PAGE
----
One day, one of my adopted children asked me, “Daddy, why did my birth-mommy not want me?” I was able to sit that child down and carefully explain to them that indeed their birth mother most certainly DID want them. Their birth mother loved them so much that she gave them life and then took the steps she could to find a good home for them. The fact that the birth mother was not in a place to care for a new child did not equate to not wanting the child. Placing her new child with us was a profound, and for her painful, act of love, not an act of ‘giving up’ the child, or, worse, abandonment.
And so it troubles me to hear in Walter Isaacson’s biography of Steve Jobs, Isaacson, Jobs’ acquaintances, and Jobs himself refer to his being ‘abandoned’ at birth. In the culture of the day, his birthmother was in a very difficult predicament for which adoption was a compelling and loving choice. To place a child for adoption is not to abandon the child.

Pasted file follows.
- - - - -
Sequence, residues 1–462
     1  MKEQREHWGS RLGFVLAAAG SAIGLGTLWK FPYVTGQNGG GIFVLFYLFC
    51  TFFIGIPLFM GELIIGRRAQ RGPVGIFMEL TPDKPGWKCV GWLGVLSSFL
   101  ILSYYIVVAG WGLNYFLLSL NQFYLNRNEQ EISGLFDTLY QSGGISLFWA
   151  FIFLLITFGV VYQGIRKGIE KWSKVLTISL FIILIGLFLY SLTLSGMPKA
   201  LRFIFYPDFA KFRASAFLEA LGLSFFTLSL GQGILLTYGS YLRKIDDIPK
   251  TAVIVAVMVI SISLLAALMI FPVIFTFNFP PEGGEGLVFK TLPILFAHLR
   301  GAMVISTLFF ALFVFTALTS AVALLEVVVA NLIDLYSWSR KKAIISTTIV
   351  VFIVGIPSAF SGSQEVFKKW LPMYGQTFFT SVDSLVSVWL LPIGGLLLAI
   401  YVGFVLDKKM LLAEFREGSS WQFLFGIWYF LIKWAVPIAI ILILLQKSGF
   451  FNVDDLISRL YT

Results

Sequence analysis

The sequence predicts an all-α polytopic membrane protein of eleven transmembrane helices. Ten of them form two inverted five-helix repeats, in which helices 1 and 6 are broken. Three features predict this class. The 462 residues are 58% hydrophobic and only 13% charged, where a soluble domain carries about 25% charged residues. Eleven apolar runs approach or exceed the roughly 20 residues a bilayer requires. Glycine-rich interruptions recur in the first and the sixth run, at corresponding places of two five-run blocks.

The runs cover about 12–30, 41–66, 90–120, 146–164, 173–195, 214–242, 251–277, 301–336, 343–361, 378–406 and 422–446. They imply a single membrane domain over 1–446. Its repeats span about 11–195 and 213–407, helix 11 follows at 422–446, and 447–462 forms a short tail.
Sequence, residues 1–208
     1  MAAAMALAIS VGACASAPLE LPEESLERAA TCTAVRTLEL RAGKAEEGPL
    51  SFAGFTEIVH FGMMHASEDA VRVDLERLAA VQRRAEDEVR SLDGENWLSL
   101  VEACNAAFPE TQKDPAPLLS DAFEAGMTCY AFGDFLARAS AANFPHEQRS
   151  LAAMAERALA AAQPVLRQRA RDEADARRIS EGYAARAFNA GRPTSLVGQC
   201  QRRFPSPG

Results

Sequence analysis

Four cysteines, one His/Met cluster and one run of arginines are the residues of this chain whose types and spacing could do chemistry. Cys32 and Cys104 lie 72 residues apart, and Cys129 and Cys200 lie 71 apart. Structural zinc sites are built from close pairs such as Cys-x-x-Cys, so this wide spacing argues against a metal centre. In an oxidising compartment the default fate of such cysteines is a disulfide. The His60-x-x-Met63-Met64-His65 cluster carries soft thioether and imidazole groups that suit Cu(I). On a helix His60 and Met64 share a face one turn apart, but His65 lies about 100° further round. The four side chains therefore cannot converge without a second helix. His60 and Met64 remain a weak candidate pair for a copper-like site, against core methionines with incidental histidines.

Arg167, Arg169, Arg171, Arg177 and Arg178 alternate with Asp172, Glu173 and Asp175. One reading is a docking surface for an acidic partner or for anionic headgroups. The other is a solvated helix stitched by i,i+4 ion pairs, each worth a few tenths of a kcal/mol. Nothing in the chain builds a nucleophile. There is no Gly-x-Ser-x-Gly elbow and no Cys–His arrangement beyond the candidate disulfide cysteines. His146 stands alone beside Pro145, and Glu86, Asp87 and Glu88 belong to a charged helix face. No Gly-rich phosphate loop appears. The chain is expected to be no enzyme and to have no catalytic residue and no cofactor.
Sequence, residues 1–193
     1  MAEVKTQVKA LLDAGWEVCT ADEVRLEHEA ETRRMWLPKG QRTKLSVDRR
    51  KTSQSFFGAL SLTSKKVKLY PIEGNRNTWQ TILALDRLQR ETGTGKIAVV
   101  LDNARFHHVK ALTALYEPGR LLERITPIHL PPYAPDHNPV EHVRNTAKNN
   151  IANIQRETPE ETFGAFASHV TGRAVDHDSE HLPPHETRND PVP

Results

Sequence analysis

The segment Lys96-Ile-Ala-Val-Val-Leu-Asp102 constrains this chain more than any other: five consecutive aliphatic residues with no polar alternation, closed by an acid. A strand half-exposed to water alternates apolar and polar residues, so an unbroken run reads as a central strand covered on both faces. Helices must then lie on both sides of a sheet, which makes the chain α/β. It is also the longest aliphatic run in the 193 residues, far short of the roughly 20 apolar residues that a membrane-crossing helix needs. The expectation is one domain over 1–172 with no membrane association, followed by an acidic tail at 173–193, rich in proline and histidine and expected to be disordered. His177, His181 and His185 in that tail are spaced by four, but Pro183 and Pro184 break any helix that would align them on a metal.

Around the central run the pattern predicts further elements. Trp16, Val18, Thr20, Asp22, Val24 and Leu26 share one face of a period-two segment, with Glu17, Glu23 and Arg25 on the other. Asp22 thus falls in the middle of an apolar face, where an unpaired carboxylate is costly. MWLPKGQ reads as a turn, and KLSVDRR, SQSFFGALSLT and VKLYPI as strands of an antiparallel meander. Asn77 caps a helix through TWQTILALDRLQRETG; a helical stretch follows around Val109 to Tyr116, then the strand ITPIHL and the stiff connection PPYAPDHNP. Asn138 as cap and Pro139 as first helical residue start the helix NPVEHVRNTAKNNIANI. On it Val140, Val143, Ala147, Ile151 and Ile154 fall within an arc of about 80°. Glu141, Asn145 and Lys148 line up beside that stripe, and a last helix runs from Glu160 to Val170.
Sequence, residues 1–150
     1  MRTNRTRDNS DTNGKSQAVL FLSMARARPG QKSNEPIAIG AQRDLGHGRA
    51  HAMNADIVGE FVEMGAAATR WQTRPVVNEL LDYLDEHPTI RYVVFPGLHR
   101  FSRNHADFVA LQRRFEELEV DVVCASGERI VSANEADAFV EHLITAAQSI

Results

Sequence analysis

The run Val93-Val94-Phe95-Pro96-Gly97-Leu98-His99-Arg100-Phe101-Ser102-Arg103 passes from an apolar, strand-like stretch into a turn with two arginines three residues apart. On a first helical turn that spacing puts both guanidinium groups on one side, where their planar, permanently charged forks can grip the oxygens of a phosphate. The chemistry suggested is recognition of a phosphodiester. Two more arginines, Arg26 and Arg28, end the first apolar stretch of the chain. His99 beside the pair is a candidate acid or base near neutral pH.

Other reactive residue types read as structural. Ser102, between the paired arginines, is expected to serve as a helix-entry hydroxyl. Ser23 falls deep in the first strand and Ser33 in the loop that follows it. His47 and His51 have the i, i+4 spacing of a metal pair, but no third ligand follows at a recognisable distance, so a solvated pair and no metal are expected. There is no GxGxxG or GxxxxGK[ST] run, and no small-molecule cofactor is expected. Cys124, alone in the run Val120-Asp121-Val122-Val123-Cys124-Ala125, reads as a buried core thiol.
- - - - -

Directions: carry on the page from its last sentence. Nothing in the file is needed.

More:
Many, apparently, want to attribute some of Jobs’ unique personality traits to his being thus ‘abandoned’. Jobs, while still using the language of abandonment, rejects this logic.
“Knowing I was adopted may have made me feel more independent, but I have never felt abandoned. I’ve always felt special. My parents made me feel special.”
His parents clearly did a wonderful job of diffusing the potential abandonment angst. Jobs gives them the greatest tribute any adopted child can give to those who parent him. Isaacson writes:
He would later bristle whenever anyone referred to Paul and Clara Jobs as his “adoptive” parents or implied that they were not his “real” parents. “They were my parents 1,000%,” he said.
I hope he was able to tell Paul and Clara that.